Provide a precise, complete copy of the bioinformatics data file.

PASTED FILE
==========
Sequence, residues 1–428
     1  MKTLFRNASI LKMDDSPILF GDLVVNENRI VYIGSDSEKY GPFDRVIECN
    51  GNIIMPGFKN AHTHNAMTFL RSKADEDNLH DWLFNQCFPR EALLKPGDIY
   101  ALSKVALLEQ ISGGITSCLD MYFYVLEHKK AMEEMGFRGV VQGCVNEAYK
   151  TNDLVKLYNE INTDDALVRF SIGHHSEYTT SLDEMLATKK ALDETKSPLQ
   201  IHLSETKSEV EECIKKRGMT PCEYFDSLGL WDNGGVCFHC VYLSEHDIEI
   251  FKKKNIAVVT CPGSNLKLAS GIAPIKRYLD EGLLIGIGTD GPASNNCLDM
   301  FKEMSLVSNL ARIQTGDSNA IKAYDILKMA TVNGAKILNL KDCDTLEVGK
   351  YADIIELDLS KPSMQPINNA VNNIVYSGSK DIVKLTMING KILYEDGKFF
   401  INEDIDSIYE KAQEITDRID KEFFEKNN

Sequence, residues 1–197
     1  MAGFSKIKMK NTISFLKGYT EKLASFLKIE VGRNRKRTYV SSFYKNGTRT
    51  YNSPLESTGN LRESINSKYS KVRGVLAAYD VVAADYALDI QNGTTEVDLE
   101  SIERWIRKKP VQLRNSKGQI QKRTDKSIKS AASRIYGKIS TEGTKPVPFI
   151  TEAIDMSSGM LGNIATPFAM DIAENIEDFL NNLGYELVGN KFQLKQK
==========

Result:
Sequence, residues 1–428
     1  MKTLFRNASI LKMDDSPILF GDLVVNENRI VYIGSDSEKY GPFDRVIECN
    51  GNIIMPGFKN AHTHNAMTFL RSKADEDNLH DWLFNQCFPR EALLKPGDIY
   101  ALSKVALLEQ ISGGITSCLD MYFYVLEHKK AMEEMGFRGV VQGCVNEAYK
   151  TNDLVKLYNE INTDDALVRF SIGHHSEYTT SLDEMLATKK ALDETKSPLQ
   201  IHLSETKSEV EECIKKRGMT PCEYFDSLGL WDNGGVCFHC VYLSEHDIEI
   251  FKKKNIAVVT CPGSNLKLAS GIAPIKRYLD EGLLIGIGTD GPASNNCLDM
   301  FKEMSLVSNL ARIQTGDSNA IKAYDILKMA TVNGAKILNL KDCDTLEVGK
   351  YADIIELDLS KPSMQPINNA VNNIVYSGSK DIVKLTMING KILYEDGKFF
   401  INEDIDSIYE KAQEITDRID KEFFEKNN

Sequence, residues 1–197
     1  MAGFSKIKMK NTISFLKGYT EKLASFLKIE VGRNRKRTYV SSFYKNGTRT
    51  YNSPLESTGN LRESINSKYS KVRGVLAAYD VVAADYALDI QNGTTEVDLE
   101  SIERWIRKKP VQLRNSKGQI QKRTDKSIKS AASRIYGKIS TEGTKPVPFI
   151  TEAIDMSSGM LGNIATPFAM DIAENIEDFL NNLGYELVGN KFQLKQK